This is part three of the Climate Education 101 Series, designed to jump start your understanding of the climate crisis. Browse the full catalog here.

By now, you know that climate change is caused by the burning of fossil fuels. (Confused? Start here.) With all those greenhouse gases floating freely in the atmosphere, how do we stop them from warming the planet?

Let’s start with defining carbon and its purpose on Earth.

What is carbon?

Carbon is a foundational element to all life forms on Earth. The carbon cycle is how that element moves through the air, water, and land, even life and death. For example, a plant photosynthesizes to make sugars for food by “breathing in” CO2 and absorbing sunlight. In turn, the plants are eaten by animals, and when an animal dies, microorganisms decompose its body to provide nutrients back to the soil to be used again.

A simple diagram of the carbon cycle. Image from NERC.

The climate is changing because this cycle has been thrown out of balance—industries are releasing more carbon than the Earth can put away. For a good overview of the carbon cycle and how it affects the climate, check out this video from Climate Reality Project, narrated by Bill Nye.

This image of the carbon cycle shows how fossil fuels and land use have released more carbon than nature can sequester. Via EIA

So, with all this excess carbon in the air, how do we get rid of it and restore balance? In two words: carbon sequestration.

What is carbon sequestration?

Carbon sequestration is a fancy phrase to describe the process of removing carbon dioxide from the atmosphere and putting it away. Plants do this naturally when they pull carbon dioxide from the air and deposit it into the soil by shedding their roots. Oceans can sequester carbon, too, when phytoplankton convert carbon dioxide to sugars, much like plants. Even some animals, like whales, can sequester carbon through the fat in their bodies.

Natural environments that can sequester more carbon than they release are called carbon sinks—tropical forests and mangrove wetlands are a few examples. Household gardens are capable of being carbon sinks, too. These processes are natural, organic, and slow, generally speaking.

While fossil fuels takes the lion’s share of blame for greenhouse gas emissions, industrial agriculture has weakened the planet’s ability to sequester carbon.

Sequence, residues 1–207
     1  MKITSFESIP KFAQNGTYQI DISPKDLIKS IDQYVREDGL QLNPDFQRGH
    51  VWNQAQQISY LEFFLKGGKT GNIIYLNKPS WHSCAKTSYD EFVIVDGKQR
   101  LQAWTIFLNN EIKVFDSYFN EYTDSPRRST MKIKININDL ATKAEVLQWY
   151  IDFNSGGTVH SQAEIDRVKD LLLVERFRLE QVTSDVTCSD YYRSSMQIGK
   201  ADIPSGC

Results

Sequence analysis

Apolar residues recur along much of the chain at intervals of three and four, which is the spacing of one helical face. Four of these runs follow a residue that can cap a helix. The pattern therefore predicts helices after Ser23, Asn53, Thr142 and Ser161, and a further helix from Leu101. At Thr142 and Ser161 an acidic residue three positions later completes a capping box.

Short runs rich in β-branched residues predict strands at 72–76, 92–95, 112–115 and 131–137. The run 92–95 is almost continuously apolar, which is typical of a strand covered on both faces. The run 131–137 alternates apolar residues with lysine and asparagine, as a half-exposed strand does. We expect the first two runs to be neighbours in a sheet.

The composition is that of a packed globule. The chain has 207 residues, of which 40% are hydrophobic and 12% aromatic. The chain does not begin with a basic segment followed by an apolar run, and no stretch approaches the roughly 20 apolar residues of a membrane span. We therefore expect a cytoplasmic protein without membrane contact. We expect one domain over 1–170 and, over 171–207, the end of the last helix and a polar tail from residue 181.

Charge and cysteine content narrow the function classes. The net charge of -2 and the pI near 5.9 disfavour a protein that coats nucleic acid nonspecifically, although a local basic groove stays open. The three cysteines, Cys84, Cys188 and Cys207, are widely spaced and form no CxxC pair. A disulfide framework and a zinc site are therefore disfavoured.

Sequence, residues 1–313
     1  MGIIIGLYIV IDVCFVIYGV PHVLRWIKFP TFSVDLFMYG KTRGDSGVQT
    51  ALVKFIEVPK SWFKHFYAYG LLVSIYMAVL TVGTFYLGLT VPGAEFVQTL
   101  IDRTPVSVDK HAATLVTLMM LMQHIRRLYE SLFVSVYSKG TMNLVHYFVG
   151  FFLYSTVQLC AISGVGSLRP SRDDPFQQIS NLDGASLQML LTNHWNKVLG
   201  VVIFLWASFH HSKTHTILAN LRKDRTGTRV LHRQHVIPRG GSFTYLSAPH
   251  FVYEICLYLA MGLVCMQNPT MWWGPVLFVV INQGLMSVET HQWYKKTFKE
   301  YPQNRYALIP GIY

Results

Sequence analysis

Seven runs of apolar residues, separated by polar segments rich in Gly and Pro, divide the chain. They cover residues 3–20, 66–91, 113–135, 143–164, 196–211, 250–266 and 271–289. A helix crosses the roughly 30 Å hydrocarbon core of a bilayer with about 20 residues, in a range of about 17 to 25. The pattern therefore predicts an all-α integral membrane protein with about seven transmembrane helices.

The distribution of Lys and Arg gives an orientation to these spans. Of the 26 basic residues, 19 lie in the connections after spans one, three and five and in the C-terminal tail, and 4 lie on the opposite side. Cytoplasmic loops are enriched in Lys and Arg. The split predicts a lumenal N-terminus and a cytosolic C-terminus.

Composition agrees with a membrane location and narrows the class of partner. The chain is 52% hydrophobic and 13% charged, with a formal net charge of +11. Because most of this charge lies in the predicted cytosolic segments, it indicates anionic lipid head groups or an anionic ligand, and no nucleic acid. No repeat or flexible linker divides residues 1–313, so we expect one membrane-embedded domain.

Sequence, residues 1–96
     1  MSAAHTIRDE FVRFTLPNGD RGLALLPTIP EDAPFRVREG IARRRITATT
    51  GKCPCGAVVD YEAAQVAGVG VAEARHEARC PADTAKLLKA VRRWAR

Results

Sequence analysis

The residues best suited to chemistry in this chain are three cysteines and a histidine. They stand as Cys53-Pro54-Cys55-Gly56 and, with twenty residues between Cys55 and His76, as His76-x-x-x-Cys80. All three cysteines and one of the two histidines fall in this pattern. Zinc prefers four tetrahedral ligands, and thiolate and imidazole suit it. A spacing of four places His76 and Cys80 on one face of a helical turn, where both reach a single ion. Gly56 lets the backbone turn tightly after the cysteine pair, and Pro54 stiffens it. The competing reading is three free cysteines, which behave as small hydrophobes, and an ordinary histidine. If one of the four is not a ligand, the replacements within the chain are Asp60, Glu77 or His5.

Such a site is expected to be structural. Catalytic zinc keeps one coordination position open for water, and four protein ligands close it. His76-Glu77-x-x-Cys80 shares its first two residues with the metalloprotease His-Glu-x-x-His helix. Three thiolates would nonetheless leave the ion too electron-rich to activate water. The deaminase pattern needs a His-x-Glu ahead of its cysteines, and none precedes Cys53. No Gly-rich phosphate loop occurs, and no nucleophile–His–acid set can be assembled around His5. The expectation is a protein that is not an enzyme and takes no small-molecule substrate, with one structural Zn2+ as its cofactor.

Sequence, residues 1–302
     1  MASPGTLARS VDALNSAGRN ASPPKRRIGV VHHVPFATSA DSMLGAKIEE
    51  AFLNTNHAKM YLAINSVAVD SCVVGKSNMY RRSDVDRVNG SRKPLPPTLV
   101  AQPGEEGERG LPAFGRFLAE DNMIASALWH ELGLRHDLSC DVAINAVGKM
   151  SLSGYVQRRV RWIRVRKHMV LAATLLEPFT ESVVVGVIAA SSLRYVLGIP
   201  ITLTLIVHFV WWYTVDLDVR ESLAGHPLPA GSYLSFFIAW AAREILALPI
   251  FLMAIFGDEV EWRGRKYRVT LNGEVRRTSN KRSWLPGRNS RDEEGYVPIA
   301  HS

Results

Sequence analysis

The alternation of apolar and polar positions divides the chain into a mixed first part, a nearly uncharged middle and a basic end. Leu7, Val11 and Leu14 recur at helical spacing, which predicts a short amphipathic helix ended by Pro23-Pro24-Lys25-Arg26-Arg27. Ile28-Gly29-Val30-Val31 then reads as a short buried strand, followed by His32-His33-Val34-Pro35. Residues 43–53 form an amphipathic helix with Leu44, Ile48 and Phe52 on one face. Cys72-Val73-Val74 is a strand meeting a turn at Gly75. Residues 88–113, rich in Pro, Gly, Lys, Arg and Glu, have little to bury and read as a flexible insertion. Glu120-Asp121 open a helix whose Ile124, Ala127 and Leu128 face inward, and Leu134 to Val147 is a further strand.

What does soil have to do with it?

In the mid-1900’s, agriculture became highly industrialized to explode crop yields in what is called the Green Revolution. Traditional practices of growing crops and raising livestock were traded for technological means of production. Synthetic fertilizers were developed so the land would be suitable for rapid harvest cycles. This process stripped the soil of its nutrients and its ability to store carbon effectively. Industrial agriculture continues to produce a lot of waste, is inhumane to livestock, creates runoff, and reduces biodiversity.

Conventional/Industrial Agriculture vs Regenerative. Via

Restoring soil health restores the natural processes necessary to sequester carbon and thus, fight climate change. Permaculture, regenerative agriculture, holistic farming…these are all a few names of growing methods that restore soil health and mimic biodiversity found in nature.

Want to see an example? This 14-minute video is about a regenerative farm called White Oak Pastures in Bluffton, GA. I highly recommend watching.

I’ve heard about technological innovations that could fix the climate. What about these “moonshot” solutions?

Ideas like building machines to eject excess carbon into outer space are for billionaires who can profit off those sorts of things. If a solution does not transition us to renewable energy or restore ecosystems, it is a stop-gap that masquerades as a climate solution. An adequate climate crisis response must affect the source of the problem, not just alleviate a symptom.

Mother Earth sequesters carbon just fine. By restoring soil health and repairing Earth’s ecosystems, we can bring back natural sequestration processes. These solutions are slow, so they must be coupled with other climate projects, but they are also our best bet at long-term resiliency.

Mangrove wetlands. Photo via

Previously: What is Climate Change?

Up Next: Who is Affected by the Climate Crisis?

If you found this helpful, feel free to buy me a coffee to fuel the next blog. Venmo: @Mary_Meade

4 replies on “The Lowdown on Carbon

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